Central Bank to launch fund fee probe

Regulator to look into fees charged by Irish-domiciled investment funds in 2016

The Central Bank is set to launch the largest ever investigation in Europe into the fees asset managers charge investors will begin next year amid widespread accusations of overcharging within the fund management industry.(Photograph: Matt Kavanagh/The Irish Times)

The Central Bank is set to launch the largest ever investigation in Europe into the fees asset managers charge investors will begin next year amid widespread accusations of overcharging within the fund management industry.(Photograph: Matt Kavanagh/The Irish Times)

 

The largest ever investigation in Europe into the fees asset managers charge investors will begin next year amid widespread accusations of overcharging within the fund management industry.

The financial watchdog in Ireland, which oversees more than 6,000 funds, including 3,725 mutual funds, is to examine whether the investment products offer “value for money”.

A spokesperson for the Central Bank of Ireland, the regulator, said: “In 2016, an area of focus will be fees charged by Irish-domiciled investment funds. Value for money for the end investor is an important part of the central bank’s mandate to protect investors’ interests.”

Industry figures say the probe will be a concern for asset management companies, where profit margins have already come under pressure due to increasing demand from regulators and consumers for lower-cost products.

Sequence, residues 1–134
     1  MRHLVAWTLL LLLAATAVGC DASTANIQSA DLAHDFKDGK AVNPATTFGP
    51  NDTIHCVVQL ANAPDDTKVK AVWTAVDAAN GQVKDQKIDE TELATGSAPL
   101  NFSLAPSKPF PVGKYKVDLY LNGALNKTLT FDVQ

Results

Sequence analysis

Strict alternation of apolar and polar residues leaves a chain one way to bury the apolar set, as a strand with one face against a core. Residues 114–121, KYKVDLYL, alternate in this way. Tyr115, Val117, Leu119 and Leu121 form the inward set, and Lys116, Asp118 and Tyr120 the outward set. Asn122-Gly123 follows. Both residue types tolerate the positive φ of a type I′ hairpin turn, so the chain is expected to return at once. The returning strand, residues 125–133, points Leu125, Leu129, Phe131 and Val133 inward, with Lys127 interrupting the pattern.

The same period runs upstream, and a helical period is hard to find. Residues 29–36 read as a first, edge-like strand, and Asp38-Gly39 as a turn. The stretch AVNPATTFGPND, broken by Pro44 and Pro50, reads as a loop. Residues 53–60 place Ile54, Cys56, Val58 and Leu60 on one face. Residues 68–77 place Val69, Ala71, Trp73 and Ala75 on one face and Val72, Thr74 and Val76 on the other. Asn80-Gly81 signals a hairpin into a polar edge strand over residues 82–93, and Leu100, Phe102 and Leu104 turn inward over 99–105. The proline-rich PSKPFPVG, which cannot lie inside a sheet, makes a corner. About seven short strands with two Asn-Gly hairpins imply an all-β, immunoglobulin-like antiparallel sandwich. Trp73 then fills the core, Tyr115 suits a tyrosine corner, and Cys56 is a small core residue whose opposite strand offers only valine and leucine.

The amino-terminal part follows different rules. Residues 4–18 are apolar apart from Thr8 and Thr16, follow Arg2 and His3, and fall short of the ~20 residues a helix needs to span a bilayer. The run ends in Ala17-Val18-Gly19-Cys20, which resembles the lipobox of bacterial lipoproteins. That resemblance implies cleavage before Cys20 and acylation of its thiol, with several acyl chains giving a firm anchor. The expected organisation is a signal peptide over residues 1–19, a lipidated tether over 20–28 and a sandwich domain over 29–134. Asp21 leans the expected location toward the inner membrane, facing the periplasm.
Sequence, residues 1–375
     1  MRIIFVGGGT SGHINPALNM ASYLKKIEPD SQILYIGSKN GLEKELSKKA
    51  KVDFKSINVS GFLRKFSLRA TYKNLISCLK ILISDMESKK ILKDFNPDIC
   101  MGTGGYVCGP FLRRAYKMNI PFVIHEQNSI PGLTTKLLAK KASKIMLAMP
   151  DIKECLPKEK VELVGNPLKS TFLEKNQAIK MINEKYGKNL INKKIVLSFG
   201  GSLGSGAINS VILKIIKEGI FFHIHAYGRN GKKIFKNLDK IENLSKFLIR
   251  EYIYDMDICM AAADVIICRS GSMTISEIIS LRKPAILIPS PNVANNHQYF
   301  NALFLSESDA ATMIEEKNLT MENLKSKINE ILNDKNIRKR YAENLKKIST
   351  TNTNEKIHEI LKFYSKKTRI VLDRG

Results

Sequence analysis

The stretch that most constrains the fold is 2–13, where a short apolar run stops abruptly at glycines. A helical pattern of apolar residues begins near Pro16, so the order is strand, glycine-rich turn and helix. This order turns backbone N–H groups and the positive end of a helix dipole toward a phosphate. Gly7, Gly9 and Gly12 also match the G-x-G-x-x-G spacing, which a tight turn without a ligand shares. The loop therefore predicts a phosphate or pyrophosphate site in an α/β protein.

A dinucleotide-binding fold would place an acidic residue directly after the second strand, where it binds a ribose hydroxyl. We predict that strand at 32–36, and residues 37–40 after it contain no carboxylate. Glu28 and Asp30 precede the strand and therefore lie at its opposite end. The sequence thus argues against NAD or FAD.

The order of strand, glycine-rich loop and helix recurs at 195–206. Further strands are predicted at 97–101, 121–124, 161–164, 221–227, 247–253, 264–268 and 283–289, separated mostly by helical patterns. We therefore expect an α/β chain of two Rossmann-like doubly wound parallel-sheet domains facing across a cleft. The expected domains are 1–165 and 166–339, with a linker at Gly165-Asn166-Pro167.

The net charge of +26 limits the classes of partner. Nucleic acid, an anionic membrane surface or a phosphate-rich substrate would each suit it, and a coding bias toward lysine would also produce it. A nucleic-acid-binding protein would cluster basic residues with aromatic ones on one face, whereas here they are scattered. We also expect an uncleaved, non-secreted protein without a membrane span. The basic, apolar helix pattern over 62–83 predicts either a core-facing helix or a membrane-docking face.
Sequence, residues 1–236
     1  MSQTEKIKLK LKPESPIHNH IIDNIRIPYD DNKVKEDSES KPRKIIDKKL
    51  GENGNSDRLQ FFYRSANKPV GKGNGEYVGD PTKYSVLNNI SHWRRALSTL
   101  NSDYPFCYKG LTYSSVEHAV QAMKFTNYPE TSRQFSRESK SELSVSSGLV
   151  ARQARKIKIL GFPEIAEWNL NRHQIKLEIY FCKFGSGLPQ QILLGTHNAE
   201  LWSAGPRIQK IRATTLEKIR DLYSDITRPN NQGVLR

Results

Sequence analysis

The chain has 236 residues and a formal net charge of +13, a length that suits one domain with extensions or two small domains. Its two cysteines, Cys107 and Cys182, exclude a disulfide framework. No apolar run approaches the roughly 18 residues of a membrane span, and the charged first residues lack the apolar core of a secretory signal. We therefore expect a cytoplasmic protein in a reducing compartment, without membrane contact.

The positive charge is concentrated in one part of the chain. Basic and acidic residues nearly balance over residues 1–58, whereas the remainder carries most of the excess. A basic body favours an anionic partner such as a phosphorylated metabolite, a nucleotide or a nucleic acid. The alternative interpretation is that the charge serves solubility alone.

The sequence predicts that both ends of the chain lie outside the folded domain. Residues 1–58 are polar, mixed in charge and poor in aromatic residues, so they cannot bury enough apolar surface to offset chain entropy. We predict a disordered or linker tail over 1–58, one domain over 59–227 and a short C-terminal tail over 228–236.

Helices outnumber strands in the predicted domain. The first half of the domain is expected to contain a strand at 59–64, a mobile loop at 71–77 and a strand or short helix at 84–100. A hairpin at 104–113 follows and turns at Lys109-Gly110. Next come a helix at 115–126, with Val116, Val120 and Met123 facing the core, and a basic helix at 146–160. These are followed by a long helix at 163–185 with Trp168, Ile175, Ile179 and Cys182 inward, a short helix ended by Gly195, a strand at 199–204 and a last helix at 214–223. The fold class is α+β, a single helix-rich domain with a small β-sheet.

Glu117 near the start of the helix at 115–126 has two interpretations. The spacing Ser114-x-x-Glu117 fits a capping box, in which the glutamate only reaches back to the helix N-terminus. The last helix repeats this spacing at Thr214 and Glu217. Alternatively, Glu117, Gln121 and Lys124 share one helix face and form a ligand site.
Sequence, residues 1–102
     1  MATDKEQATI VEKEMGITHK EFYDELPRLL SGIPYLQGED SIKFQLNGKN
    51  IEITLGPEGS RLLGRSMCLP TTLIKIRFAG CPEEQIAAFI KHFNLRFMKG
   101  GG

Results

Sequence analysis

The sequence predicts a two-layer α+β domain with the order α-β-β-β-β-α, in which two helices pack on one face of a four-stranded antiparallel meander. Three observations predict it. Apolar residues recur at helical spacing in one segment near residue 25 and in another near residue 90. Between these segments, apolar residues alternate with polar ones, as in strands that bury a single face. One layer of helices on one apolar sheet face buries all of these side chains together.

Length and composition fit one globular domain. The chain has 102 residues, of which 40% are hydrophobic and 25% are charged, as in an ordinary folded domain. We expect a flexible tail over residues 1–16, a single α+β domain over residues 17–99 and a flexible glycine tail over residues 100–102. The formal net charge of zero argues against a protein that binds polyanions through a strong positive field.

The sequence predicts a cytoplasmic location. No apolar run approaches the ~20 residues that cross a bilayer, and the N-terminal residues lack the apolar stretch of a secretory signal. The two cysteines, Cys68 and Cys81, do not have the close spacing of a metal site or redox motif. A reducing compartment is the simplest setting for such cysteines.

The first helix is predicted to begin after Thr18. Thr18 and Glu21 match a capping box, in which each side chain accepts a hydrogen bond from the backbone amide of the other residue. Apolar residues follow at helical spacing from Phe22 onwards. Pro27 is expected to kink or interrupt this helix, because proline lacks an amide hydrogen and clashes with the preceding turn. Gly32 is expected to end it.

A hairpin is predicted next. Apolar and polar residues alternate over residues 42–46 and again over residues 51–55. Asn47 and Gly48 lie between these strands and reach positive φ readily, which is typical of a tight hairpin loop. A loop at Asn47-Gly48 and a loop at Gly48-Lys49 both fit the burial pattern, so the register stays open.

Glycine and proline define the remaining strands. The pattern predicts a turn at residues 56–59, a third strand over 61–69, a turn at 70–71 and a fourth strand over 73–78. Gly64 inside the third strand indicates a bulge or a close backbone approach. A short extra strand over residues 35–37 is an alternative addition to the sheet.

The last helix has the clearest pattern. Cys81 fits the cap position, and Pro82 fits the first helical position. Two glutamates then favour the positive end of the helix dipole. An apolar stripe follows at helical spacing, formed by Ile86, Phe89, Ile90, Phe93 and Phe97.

However, Mick McAteer, director of the Financial Inclusion Centre, a think-tank, said: “It is good news that the Irish regulator is looking at fees. EU investors [IN FUNDS]pay far too much for inferior performance.”

Guillaume Prache, managing director of Better Finance, a consumer lobby group, added: “Overall, fees are too high in Europe and still not always transparent.”

Fund fees have been scrutinised in recent years due to claims that asset managers are charging investors large sums for active management despite closely following an index, a practice known as “closet tracking”.

It is understood the Irish regulator is separately carrying out a review of closet trackers, but its 2016 fund fee probe will go further.

The investigation of Ireland’s $2tn investment industry will initially focus on total expense ratios, which is a measure of the total cost of a fund to the investor. It usually includes the manager’s annual charge as well as the cost of other services paid for by the fund, such as fees paid to custodians and auditors.

The Irish watchdog is looking for “outliers”, funds that have very high total expense ratios. They will then be examined more closely. It is not clear how long the investigation will take.

Gina Miller, partner at SCM Private, the wealth manager, campaigns for greater fund fee disclosure. She said the probe should not just focus on the total expense ratio, claiming this can represents less than 50 per cent of the true cost. It often does not include performance fees and dealing costs, she said.

Fund professionals in Ireland have suggested the central bank’s investigation is unnecessary and smacks of “interference with the free market”.

A fund director who sits on the board of several Ireland-domiciled mutual funds, who requested anonymity, questioned whether it was the “regulator’s business to look at fees”, suggesting European-wide rules already address issues such as fee transparency.

“I am not sure it is up to the regulator to police what is good value,” he said.

However, Mr McAteer said: “The investment industry is one of the worst-performing industries consumers deal with and a range of interventions is needed to make this market work.”

Irish Funds, the local asset management industry association, declined to comment on the probe.

The financial regulator in Luxembourg, the largest domicile of funds in Europe, did not respond when asked if it also planned to investigate fund fees.

– Copyright The Financial Times Limited 2015